With the Japanese countryside once again a blur beyond the window we were heading south. Away from Tokyo and on our way to Hiroshima to see another side of Japan and absorb part of its sad, yet poignant, history.
Yet we were in no rush and afforded a stop once again in Kyoto. This time to get a little bit closer to a Geisha…
… It’s Joyce by the way. Honestly, I didn’t recognise her when she came down the stairs and instead of saying hello I just smiled and returned to whatever I was doing! I don’t think I scored points for that one.
With the white washed off – apart from perhaps behind the ears – we were back on yet another Shinkansen (getting our monies worth!) and heading to Hiroshima.
The first time such a weapon was used on humanity. Its effect. Irreparably shaping the history of not only Hiroshima and Japan, but the entire world.
What is sadder, is that it was not the last.
The museum is an embracing, emotional experience that tugs at your heart strings and lights a fire of anger in your belly to equal measure. One thing is for sure no matter how many times you see wanton bloodshed, destruction and lack of humanity for that most precious of things, human life, it does not get easier (see our posts in Laos, Cambodia and Vietnam if you’re interested).
Whilst the exhibit was unable to touch on the deep politics and every avenue of the conflict it admitted rights and wrongs on both sides, and provided a rich explanation on a topic I, in truth, knew little about.
And yet, mixed in with a great deal of sadness, brought into stark focus through a myriad, and seemingly unending, display of eyewitness and personal accounts, the museum and the surrounding park filled me more with hope than hurt.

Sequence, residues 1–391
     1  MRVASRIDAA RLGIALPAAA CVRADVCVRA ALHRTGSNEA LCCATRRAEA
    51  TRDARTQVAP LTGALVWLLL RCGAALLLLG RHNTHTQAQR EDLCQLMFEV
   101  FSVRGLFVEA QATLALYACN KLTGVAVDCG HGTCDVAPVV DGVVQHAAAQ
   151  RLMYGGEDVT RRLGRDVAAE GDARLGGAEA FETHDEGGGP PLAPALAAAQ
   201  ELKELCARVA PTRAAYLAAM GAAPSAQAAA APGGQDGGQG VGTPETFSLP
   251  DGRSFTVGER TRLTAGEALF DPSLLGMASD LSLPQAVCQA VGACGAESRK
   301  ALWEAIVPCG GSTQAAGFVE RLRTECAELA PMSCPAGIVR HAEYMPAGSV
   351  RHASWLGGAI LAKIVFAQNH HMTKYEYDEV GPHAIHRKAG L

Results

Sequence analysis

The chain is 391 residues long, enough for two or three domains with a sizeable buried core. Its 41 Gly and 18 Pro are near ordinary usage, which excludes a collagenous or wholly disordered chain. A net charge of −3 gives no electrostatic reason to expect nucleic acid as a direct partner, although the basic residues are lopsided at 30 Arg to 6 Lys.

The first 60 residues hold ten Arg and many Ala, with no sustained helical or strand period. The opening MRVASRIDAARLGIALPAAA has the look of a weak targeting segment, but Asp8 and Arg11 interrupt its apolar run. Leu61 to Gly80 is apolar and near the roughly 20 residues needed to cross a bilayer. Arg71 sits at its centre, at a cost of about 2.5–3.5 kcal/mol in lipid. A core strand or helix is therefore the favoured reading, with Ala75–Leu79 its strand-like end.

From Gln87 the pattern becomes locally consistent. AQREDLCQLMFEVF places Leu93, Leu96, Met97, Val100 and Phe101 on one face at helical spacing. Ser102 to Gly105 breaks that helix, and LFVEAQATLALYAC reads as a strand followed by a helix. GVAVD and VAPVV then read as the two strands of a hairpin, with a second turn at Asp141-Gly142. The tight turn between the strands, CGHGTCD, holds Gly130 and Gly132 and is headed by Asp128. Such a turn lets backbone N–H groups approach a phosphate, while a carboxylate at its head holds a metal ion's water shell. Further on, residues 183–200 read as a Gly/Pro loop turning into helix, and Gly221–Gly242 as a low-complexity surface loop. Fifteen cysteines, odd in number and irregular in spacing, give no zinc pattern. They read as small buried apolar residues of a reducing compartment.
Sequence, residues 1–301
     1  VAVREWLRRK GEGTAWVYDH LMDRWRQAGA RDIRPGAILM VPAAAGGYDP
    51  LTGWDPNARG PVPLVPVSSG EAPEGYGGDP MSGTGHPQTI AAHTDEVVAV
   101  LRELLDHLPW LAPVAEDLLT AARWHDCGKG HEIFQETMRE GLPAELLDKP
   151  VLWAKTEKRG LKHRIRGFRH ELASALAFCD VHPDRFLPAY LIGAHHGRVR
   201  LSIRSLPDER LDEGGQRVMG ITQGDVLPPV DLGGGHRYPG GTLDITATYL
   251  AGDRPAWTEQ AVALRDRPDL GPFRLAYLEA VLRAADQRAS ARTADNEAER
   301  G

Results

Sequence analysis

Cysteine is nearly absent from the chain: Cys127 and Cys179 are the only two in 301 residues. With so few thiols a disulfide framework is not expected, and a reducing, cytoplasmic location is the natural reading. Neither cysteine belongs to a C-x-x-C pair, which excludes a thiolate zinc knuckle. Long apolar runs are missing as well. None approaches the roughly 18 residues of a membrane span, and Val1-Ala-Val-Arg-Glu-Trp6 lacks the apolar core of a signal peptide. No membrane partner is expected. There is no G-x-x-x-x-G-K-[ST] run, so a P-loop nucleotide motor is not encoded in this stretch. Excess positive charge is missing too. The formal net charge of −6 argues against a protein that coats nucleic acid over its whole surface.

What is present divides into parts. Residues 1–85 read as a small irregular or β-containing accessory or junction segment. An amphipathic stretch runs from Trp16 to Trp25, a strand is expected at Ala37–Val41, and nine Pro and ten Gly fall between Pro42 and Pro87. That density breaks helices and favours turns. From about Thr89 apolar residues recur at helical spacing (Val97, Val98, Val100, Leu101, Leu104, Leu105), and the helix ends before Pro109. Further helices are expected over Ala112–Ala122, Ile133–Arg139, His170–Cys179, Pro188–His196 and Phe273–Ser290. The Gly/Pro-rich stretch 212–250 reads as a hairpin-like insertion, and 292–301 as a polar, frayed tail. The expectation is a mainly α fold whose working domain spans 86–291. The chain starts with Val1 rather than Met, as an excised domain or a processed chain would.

Since 1968 the mayor of Hiroshima has sent a letter of protest in response to a nuclear test by any country. These are carved in stone plaques in the hall. The latest, from August 2013, to President Barak Obama was typed on paper, not yet transferred. I hope it will be the last.
Understanding that Japan dealt a great deal of damage to other nations before the end of WWII there is a movement within Japanese schools to read international texts detailing the pain, damage and loss of life Japan caused to those nations. So the pain is not repeated.
Hiroshima is a symbol of peace. So are its people. Perhaps none more so than the famous Sadako Sasaki. Exposed to the A-bomb at the age of two she contracted leukemia and sadly passed away at the age of twelve. She believed that folding 1000 cranes could cure her disease; she folded one after another during her hospitalisation.
Sadako’s story has spread throughout the world and the paper crane has become an international symbol of peace. At the base of the Children’s Peace Monument in the park, and throughout Hiroshima – next to other monuments, in restaurants, in guesthouses and lining streets – paper cranes abound.
Spreading their wings and sending their message out into the world.
Please help Hiroshima’s message to travel.
Hiroshima. A city of hope not of sadness. A city propelled forward not held back. Hiroshima. A city we could all learn from.